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Measuring Offender Attributes and Engagement in Treatment Using the Client Evaluation of Self and Treatment

NCJ Number
Criminal Justice and Behavior Volume: 34 Issue: 9 Dated: September 2007 Pages: 1113-1130
Bryan R. Garner; Kevin Knight; Patrick M. Flynn; Janis T. Morey; D. Dwayne Simpson
Date Published
September 2007
18 pages
This study examined psychometric properties of the Criminal Justice Client Evaluation of Self and Treatment (CJ CEST).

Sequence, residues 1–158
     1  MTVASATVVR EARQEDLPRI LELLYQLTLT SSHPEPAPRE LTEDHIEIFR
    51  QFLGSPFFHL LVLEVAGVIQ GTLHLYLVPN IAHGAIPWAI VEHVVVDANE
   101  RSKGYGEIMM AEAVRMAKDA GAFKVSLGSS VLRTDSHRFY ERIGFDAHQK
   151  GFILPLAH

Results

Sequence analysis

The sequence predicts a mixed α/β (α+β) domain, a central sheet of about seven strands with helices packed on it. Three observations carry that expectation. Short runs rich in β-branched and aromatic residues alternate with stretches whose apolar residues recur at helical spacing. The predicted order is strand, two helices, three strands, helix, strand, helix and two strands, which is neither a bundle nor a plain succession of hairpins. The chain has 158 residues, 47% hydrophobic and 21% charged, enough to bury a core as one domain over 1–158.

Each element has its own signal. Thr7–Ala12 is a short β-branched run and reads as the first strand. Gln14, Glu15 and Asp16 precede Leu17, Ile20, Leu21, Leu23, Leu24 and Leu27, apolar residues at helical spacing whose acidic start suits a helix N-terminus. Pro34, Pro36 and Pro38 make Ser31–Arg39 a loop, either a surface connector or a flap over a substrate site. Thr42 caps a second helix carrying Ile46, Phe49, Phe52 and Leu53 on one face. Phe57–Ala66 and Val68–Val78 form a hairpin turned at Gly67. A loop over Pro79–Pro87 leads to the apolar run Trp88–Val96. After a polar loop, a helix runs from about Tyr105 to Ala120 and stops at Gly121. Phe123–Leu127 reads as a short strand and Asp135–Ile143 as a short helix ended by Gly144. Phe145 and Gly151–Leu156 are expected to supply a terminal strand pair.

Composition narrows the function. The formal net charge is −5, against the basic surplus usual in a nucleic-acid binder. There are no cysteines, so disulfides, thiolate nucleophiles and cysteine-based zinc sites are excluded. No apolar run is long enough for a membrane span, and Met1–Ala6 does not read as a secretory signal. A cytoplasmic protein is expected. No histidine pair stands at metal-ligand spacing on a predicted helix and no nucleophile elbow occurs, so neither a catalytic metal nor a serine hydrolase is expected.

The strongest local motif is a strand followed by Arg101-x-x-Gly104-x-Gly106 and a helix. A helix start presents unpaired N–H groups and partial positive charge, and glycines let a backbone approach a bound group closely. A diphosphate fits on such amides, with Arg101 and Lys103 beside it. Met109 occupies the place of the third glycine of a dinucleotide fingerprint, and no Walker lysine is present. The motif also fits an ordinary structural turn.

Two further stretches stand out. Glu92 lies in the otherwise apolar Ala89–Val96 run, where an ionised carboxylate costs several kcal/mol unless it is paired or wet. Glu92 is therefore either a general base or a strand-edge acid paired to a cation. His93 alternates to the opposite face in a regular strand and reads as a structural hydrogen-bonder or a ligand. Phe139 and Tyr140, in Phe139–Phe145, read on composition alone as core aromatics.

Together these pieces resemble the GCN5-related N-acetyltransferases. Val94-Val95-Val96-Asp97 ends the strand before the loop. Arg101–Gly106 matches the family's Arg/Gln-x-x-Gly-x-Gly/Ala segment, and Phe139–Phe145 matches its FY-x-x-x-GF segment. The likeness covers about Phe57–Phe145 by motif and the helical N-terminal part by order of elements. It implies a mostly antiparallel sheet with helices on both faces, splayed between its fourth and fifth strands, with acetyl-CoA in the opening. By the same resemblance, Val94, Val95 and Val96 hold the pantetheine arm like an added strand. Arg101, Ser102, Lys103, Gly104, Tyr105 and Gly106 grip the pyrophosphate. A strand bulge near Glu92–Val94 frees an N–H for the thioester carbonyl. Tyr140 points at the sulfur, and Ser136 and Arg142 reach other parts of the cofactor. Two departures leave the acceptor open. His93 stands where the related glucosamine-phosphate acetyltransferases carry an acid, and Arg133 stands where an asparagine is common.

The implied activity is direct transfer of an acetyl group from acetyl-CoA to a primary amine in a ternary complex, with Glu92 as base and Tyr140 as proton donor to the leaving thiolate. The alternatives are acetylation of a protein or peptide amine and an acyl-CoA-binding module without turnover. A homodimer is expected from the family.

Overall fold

The study concluded that Criminal Justice Client Evaluation of Self and Treatment (CJ CEST) is a comprehensive instrument to effectively and efficiently measure client needs and functioning at intake. The CJ CEST is also appropriate for use in corrections-based drug-treatment programs to monitor progress over time. Monitoring drug abuse treatment delivery and progress requires the use of validated instruments to measure client motivations, psychosocial and cognitive functioning, and other treatment process dynamics. This study examined psychometric properties of the CJ CEST as part of the National Institute on Drug Abuse Criminal Justice Drug Abuse Treatment Studies project with a focus on examining client performance indicators for treatment of correctional populations. Analyses were conducted to address reliability of the CJ CEST scales at both the client level and program level. The sample included 3, 266 offenders from 26 corrections-based treatment programs located in 6 States. Consistent with earlier findings from community-based treatment settings, this study showed that the CJ CEST scales demonstrated good reliabilities at the client and program level as well as high test and retest reliability. Though results from confirmatory factor analyses indicated that some of the scales might represent more than one factor, evidence for construct validity was favorable. The findings support applications of the CJ CEST and Criminal Thinking Scales (CTS) within correctional treatment settings. Moving from clinical impressions to having objective scores for these client needs and functioning domains offers an empirically based progress monitoring tool. In an effort to maximize their role in practice, future efforts will examine their integration using automated scoring procedures into larger correctional information systems for the purpose of examining their combined use as a longitudinal measure and as a predictor of in-treatment and followup outcomes. Tables, references